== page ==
devicePixelRatio is another consideration. This represents the logical:physical pixel scaling of a display. Basically, it measures how Retina a display is. A MacBook pixel ratio is 2.0, recent iPhones have a 3.0 device pixel ratio, and newer Android phones go up to 4.0 (more info). Canvas defaults to a pixel ratio of 1.0, which can be very bad because it is becoming uncommon. Graphics will appear blurry on these screens if the <canvas> is not scaled when it is initialized, before rendering.

Here are some examples of 1.0 vs 2.0 pixel ratio, taken from a MacBook Pro (2.0):

Lightstep Metrics Charting - devicePixelRatio

Lightstep Metrics Charting - devicePixelRatio 2

Lightstep Metrics Charting - devicePixelRatio 3

This is bad for data visualization because you lose the contours of intersecting lines, and the layering of a dense bar graph turns into a moss-like fuzz.

It’s easy to scale to the correct devicePixelRatio. Add the following code to your initialization useEffect() to scale the canvas by the devicePixelRatio:

const pixelRatio = window.devicePixelRatio || 1;

const adjustedHeight = height * pixelRatio;
const adjustedWidth = width * pixelRatio;

element.setAttribute('width', adjustedWidth);
element.setAttribute('height', adjustedHeight);
ctx.scale(pixelRatio, pixelRatio);
element.style.width = `${width}px`;
element.style.height = `${height}px`;

The ratio only needs to be set in one place, as above. Graphics pixel coordinates remain the same. A canvas that is 200px by 300px will remain that size, and its coordinate plane will span (0,0) to (200,300), not larger, and is not changed by the devicePixelRatio.

Note: that the code above will clear the canvas. Canvas data is discarded when the dimensions are set. This is very useful and avoids a ctx.clearRect(). Keep this in mind because it may not always be necessary to clear before rendering, and scaling only needs to happen once.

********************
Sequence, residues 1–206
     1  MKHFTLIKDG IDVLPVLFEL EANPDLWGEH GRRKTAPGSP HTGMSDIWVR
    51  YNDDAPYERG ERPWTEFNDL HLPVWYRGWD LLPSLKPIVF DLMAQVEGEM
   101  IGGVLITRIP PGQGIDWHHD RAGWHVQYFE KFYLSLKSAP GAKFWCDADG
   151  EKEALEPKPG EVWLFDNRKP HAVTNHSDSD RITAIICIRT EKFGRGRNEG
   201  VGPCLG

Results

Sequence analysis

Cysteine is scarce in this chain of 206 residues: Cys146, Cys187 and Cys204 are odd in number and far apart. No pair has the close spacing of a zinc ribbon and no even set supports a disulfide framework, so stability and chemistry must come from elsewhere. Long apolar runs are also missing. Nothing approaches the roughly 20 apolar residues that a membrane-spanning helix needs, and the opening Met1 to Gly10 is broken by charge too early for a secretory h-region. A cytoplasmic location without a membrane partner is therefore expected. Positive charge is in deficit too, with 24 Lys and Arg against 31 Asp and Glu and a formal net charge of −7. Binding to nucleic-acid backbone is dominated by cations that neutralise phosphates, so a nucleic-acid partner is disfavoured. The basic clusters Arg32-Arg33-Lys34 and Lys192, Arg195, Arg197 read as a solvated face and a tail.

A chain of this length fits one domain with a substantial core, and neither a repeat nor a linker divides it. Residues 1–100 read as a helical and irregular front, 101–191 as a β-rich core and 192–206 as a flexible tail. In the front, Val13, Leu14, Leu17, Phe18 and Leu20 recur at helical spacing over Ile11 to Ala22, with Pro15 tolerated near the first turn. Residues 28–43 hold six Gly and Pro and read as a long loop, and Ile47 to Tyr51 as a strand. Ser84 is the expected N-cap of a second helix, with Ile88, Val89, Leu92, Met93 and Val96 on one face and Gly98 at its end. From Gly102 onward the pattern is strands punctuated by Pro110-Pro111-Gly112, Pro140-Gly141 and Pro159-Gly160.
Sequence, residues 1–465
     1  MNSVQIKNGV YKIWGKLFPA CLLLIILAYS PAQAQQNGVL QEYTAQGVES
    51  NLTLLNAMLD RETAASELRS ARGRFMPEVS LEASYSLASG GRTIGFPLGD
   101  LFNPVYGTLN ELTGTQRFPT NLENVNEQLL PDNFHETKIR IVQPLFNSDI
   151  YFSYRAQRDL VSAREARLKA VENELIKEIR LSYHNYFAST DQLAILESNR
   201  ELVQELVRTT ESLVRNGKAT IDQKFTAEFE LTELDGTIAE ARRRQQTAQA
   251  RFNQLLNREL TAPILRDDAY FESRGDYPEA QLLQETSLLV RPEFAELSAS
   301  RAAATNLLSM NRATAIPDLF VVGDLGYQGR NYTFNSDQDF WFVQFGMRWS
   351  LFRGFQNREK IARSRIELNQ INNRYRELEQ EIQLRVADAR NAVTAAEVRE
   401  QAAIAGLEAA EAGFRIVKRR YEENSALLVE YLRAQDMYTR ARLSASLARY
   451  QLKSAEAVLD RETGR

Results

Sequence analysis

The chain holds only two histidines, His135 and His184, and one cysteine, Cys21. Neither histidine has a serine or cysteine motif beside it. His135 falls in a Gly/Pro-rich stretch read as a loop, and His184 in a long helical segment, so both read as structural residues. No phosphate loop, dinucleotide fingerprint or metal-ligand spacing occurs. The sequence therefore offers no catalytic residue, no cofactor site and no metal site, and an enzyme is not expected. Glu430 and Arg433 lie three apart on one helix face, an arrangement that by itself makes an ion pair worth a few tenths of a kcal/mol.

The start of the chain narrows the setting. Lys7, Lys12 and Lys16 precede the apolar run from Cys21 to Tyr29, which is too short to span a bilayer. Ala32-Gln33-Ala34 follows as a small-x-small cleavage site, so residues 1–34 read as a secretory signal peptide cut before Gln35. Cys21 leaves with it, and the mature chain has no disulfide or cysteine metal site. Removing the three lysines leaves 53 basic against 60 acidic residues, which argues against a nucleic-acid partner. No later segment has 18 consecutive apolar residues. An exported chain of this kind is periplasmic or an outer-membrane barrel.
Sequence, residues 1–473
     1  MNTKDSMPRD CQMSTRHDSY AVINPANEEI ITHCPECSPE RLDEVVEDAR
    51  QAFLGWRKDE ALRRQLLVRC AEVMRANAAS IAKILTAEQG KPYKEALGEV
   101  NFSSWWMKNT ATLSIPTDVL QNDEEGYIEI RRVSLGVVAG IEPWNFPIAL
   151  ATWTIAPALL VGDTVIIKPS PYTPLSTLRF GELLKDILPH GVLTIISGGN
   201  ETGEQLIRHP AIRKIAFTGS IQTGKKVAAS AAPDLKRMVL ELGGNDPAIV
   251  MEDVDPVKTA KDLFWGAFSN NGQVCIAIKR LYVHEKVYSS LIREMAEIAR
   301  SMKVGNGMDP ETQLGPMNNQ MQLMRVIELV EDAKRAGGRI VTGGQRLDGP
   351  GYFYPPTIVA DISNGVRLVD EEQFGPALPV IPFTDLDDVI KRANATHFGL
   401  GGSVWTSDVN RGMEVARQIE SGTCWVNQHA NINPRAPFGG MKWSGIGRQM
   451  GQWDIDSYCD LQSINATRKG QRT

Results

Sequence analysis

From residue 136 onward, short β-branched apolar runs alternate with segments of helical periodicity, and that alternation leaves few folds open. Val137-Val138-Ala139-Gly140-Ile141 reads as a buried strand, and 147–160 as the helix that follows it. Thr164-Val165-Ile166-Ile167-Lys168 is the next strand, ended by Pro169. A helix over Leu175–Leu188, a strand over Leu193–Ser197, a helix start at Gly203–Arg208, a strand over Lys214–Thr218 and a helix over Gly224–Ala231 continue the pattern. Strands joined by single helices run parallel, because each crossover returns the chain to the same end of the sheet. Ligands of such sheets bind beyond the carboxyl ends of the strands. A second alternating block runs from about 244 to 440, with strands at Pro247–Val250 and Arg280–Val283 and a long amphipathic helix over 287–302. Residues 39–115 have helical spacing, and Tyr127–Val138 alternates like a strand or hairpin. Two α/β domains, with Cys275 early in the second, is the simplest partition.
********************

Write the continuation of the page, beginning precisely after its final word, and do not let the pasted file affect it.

Ok. Almost there! A <canvas> usually cannot be shown immediately. The canvas is blank until it’s first rendered, and often that is not immediate (useLayoutEffect vs useEffect). So it’s best to use CSS to hide the element until you’ve finished rendering to it. (visibility:’hidden’ means the element will still occupy space in the layout, vs display:’none’ which does not.) A simple useState() flag to track if the component is rendered works great for this.

	<canvas style={{ visibility : rendered ? ‘visible’: ‘hidden’ }} height={200} width={300} />

One last thing: the browser only paints 60 times per second at most, but many events can fire much more frequently than that (like mousemove). Do not call canvas rendering code more than 60 times per second to avoid wasted work. This can be done by placing canvas rendering code in a requestAnimationFrame(). It acts like setTimeout(), where the browser calls your function as part of the render and paint cycles. (It does not take a timeout.) requestAnimationFrame() can provide deduping because it returns a request ID that can be stored (likely in a ref) to cancel a pending render. For example, if requestAnimationFrame() has been called three times before the next frame has started to render, the first two can be canceled with cancelAnimationFrame() (like clearTimeout()). Using requestAnimationFrame() also synchronizes work on multiple canvases into the same paint.

So that’s it! I hope this overview of one foundational aspect of building data visualizations in React has been helpful.

To see our new charts in action, head over to our Lightstep Sandbox and let us know what you think!

Interested in joining our team? See our open positions here.